I’ve been anxious to get to the island part of our trip, as it was the highlight and the part for which I had most planned.
Our plane for Santorini didn’t leave until 7:40 p.m., so our airport transfer wasn’t scheduled until 5:15 p.m. We checked out and stowed our bags in the luggage locker on the lower level of the hotel (€2 per locker). All of our bags fit easily into one locker.
By this time in the trip, the morning routine had been set: grab an espresso (€0.80) on the walk to the Sygrou-Fix metro stop or the Fix tram stop. That 5-day metro pass (€9) was the most sensible purchase of the trip. Today, we hopped on the tram and headed toward the all-marble Panathenaic Stadium, site of the first modern Olympic games, which it hosted in 1896. The entrance fee is €5 and includes a free audio tour for those interested.
All that marble really is quite something, and the view, if you climb to the top row of the stadium, is amazing, too.
The walk through the tunnel to the small museum and gift shop is nice and cool (temperature-wise and experience-wise).
We ended our time in Athens with lunch at Liosporos Bistro, a café in Iroon Square near the sweet and savory pie store we went to on the food tour. This area has the best street art, including a depiction of this woman-made river of nourishment.
I ordered hummus at the bistro, though by this time in the trip I’d learned that hummus is not a Greek food—I guess part of me knew that, seeing that it’s most common at Middle Eastern restaurants, but it didn’t fully hit me until I realized it wasn’t on hardly any menu. Perry got a coconut curry chicken dish here that was a favorite of his. We also got a chance to appreciate this wonderful staircase leading to the W.C.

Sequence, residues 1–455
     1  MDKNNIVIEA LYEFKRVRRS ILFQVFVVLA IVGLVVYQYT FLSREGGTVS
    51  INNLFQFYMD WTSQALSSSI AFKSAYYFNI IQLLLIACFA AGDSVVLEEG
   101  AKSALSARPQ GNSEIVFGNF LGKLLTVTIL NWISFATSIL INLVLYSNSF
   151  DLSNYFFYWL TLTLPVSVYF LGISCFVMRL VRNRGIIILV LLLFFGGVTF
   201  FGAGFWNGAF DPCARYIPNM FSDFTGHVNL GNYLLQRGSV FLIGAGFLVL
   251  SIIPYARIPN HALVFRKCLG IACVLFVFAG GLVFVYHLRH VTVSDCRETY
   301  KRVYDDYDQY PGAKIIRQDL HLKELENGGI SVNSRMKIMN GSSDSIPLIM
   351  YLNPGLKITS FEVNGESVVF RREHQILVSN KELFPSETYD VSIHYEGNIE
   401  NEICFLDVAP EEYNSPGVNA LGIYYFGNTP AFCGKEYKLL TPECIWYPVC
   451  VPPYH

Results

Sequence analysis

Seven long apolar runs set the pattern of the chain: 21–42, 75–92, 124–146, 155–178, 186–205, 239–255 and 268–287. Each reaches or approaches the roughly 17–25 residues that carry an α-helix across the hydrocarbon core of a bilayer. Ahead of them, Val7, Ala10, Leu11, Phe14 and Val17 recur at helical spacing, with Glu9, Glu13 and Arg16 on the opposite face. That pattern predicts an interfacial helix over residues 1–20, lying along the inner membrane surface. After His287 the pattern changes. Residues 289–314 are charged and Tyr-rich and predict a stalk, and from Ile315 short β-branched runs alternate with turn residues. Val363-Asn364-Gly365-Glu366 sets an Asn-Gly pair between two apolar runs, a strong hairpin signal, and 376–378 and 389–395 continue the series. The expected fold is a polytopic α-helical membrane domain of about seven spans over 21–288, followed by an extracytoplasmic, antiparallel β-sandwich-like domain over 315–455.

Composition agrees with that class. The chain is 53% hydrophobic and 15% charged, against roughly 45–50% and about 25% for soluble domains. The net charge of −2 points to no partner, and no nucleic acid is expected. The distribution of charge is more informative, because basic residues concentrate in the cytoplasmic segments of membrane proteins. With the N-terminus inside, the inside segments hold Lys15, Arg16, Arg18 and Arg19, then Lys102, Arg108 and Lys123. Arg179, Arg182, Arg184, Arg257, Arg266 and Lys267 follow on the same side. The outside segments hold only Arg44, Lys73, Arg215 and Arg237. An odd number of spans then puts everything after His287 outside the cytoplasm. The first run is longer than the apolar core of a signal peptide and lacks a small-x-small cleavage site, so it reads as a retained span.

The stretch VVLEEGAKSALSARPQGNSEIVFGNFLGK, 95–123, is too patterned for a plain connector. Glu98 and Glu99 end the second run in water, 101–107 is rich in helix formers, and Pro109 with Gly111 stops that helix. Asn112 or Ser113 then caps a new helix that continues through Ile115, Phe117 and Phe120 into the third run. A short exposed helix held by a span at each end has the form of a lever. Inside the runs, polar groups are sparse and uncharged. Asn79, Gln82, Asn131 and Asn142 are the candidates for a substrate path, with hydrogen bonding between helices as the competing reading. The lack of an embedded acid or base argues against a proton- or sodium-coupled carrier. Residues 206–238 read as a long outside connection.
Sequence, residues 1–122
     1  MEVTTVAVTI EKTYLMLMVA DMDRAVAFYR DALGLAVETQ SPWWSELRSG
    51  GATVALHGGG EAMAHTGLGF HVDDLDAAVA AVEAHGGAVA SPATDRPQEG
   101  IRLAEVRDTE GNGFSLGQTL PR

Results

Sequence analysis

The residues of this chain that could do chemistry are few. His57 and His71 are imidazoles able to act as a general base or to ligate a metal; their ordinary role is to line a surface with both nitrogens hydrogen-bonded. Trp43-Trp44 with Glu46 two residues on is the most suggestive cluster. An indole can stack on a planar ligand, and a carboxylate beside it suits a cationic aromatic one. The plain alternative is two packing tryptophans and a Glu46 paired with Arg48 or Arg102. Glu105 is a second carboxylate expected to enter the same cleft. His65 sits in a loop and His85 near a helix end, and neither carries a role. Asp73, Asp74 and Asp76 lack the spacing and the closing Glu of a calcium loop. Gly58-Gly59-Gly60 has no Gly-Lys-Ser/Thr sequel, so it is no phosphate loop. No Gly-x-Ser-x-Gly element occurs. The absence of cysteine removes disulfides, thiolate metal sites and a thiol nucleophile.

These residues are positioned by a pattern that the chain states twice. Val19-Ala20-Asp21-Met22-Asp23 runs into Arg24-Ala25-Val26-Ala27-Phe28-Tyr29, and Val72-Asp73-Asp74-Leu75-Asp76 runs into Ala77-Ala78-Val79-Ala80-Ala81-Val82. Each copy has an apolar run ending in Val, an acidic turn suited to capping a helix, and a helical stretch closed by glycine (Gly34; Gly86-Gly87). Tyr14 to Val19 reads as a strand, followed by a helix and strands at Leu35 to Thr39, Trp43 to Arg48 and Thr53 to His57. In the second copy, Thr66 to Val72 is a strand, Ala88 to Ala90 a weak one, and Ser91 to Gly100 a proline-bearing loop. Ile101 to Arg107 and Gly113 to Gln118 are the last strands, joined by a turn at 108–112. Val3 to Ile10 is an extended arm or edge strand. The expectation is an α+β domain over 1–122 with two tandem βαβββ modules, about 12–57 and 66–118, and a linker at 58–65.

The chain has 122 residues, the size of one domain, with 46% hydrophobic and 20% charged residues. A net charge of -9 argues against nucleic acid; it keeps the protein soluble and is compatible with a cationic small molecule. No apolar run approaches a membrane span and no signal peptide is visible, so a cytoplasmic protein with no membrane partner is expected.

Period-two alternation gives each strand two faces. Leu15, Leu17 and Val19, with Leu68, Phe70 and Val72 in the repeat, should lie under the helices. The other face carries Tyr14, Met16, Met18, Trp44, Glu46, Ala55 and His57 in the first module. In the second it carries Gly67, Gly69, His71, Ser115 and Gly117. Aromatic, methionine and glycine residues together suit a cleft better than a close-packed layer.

A note on the W.C.: you do not dispose of tissue in the toilet here; instead, dispose of paper waste in the garbage can beside the toilet. I first encountered this system in China, but still had to retrain myself at times. Here’s a fact that’s a little more fun: Modernist writer Gertrude Stein used to call fellow Modernist William Carlos Williams (W.C. Williams) “Water Closet” Williams.
Across from Liosporos is a bar called Beer Time that specializes in beers from Greek microbreweries. We didn’t go here, but we did visit Hops Beer and Burgers by the Sygrou-Fix station earlier in the week to try some microbrews—we ended up with the Kirki Beer and the Chios House Ale, both of which were good.
After our late lunch, we made our way back to the hotel for one last rooftop drink before our pick-up. We made an Old Fashioned with the airplane bottles of bourbon and the single-serving Bittermilk Old Fashioned mixer we’d brought from home, bringing a little Kentucky toast to Athens. (We brought some extras, too, to give away as gifts if the situation presented itself. You can pack airplane bottles in your toiletry bag.)
We still miss that hard-to-beat rooftop view!
Our airport transfer arrived right on schedule, and we arrived to the airport and checked in without any trouble.
There are some areas to charge your phone or devices in the airport, but not many, so Perry ended up buying a portable charger, which he’d been wanting all week. It worked out well for us during the Santorini leg of the trip.
The airport bookstore also sales a “Vintage minis” collection that includes Swimming, an excerpt from Roger Deakin’s Waterlog, and Love, excerpts from Jeanette Winterson’s novels and memoir. Buy 2, get 1 free. These made for very portable reading throughout the week and after I got home–they’re roughly the size of an adult human hand (or at least the size of my hand).
The flight to Santorini was swift—under 45 minutes. Perry was thrilled that we could deplane at the back of the airplane. And, so, at 8:30 p.m., we stepped foot for the first time on Santorini, which we began to affectionately refer to as “our future home.” More on that soon.